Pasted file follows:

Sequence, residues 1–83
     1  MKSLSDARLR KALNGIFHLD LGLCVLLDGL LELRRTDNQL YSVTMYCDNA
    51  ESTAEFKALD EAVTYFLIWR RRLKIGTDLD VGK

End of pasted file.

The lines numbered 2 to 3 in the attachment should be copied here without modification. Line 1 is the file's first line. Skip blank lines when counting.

     1  MKSLSDARLR KALNGIFHLD LGLCVLLDGL LELRRTDNQL YSVTMYCDNA
    51  ESTAEFKALD EAVTYFLIWR RRLKIGTDLD VGK